New global order

Published: August 19, 2018
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The writer is a research associate at the Lahore University of Management Sciences

The writer is a research associate at the Lahore University of Management Sciences

The global order based on the hegemony of US interests is in peril. Trump’s politics reminds of the policy of isolationism that the US has espoused from time to time. The gradual hard line that the US is taking regarding not only its nominal allies but also the old time friends is a cause of a shift in regional politics. Turkey is being sidelined, the aid to Pakistan has been reduced and the two-state plan is de facto scrapped. These effects coupled with the tariffs levied on China, Turkey and the EU have also been a cause for concern for economists worldwide. It looks like the US wants to reduce its overwhelming influence in world politics by changing the existing nature of its partnerships, allies and enemies.

The US has opted out of NAFTA, changing the relationship with its North American partners. It has imposed tariffs on the EU, precipitating bitterness in their relations. The summit in June saw Trump echoing the notorious American mantra for Pakistan to ‘do more’ against his Nato allies. He even threatened to pull out of the “obsolete” agreement. Also, there is no clear new policy for the exiting members of EU. His antics in the UK tested the diplomatic patience of the English severely. Amidst all this upheaval of traditional diplomatic traditions, his talks with Putin were encouraging. He even proclaimed of ending up building an “extraordinary relationship” with each other. This looks to be a paradigm shift for the US foreign policy, but it can cause huge changes in the regional affairs in the Middle East and Asia.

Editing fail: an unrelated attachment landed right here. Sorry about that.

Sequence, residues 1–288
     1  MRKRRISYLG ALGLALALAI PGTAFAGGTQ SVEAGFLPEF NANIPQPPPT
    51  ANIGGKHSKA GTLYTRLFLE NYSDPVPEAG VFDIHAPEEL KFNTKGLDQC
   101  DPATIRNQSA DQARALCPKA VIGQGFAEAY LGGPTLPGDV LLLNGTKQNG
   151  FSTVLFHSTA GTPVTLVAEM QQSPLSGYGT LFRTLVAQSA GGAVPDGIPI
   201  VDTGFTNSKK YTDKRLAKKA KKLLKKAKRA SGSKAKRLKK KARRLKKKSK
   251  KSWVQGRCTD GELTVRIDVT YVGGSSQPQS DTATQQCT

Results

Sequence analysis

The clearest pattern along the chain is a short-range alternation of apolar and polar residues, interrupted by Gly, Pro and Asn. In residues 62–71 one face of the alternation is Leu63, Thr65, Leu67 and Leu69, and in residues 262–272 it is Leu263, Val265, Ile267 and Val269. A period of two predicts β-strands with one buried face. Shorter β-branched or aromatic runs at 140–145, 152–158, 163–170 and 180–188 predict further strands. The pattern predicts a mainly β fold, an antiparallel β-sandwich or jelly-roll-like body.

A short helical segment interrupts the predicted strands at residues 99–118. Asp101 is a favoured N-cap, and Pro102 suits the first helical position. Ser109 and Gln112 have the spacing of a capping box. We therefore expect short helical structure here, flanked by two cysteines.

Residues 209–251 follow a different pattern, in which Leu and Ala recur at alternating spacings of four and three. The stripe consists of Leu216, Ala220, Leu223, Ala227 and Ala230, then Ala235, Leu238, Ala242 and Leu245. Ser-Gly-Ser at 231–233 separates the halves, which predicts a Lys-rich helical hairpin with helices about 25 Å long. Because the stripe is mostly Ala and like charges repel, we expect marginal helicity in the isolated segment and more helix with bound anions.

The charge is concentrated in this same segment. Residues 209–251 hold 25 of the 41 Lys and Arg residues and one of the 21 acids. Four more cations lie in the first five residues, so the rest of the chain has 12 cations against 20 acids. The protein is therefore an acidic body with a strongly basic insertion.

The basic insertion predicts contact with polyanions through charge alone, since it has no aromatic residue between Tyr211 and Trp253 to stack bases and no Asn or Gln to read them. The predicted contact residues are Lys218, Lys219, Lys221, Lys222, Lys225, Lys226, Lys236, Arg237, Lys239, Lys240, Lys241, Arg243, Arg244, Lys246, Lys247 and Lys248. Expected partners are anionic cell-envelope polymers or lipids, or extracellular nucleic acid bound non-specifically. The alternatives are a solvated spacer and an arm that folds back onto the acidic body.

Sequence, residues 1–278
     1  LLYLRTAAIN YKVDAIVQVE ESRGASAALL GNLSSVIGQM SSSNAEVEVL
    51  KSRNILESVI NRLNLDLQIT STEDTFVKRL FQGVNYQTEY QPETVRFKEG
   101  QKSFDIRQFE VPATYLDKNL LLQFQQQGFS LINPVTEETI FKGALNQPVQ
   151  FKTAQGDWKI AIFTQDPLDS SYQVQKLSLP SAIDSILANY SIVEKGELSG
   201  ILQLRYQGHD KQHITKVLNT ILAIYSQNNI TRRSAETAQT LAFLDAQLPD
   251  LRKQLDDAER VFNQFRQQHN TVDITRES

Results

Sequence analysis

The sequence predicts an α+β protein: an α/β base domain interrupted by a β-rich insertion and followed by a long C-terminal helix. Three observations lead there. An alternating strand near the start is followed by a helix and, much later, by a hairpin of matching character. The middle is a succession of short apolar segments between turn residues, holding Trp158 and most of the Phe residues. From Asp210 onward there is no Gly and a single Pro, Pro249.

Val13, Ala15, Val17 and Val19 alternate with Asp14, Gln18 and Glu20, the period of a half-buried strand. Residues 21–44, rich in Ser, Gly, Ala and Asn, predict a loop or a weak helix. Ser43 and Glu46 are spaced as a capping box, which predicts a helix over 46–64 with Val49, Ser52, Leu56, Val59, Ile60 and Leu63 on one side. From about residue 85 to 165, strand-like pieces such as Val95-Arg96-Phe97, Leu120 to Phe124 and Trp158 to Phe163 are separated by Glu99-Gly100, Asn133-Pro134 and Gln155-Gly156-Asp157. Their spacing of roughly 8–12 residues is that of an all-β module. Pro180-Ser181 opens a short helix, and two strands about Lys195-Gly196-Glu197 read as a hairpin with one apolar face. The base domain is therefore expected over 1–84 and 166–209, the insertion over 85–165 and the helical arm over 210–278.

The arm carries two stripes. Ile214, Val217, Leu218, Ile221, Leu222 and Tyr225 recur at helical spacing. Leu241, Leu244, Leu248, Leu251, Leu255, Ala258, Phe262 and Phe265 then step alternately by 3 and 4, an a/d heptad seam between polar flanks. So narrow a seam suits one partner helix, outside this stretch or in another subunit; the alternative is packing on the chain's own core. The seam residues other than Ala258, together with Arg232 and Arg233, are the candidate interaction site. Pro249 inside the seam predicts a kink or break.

The apparent withdrawal of the US from global politics can provide Russia with a bid for ascendancy in international order. The Turkish policy on the issue of Syria has remained closely tied with Russians. Iran is also part of this un-worded alliance to retain Bashar al-Assad in Syria. The scrapping of the nuclear deal with Iran and impending sanctions may change the nature of the economy of the region. This along with the crippling of Turkish lira and the subsequent US tariffs may also align Turkish interests with Russian goals. Pakistan has relied on China as its primary global partner since the announcement of CPEC. If there arises the need to change its military needs, Russia remains a viable option.

China is between a challenging place. It has enormous economic potential and it has tried to develop this politically. But the economic-political model may come short in the time to come. There has always existed some tension between the relations of China and the US, but the recent tariff war is a direct attempt to undermine the growing economy of China. If there emerges a serious challenge in the economic sphere, Chinese political capital may reduce significantly. This will also affect its flagship Belt and Road Initiative project and its beneficiaries.

The closeness of the US with Russia and disavowal of China present an interesting opportunity to Pakistan. It is already the beneficiary of Chinese investment and has a cordial relationship with the Chinese government. If in this Russian-Trump détente, Pakistan manages to align its strategic relationship with Russia and brings China and Russia closer too, the outcome will be momentous. This new definition will be a powerful Asian collaboration that can form a new global order. The strategic stability that this configuration will provide may reduce the Indian threat and provide viable options for inherent South Asian issues like Kashmir and Afghanistan. New avenues for forward-thinking in foreign policy may provide Pakistan with an opportunity to build new relationships and change the dynamics of existing relationships in order to successfully alter the changing global system for its benefit. The time for change is now.

Published in The Express Tribune, August 19th, 2018.

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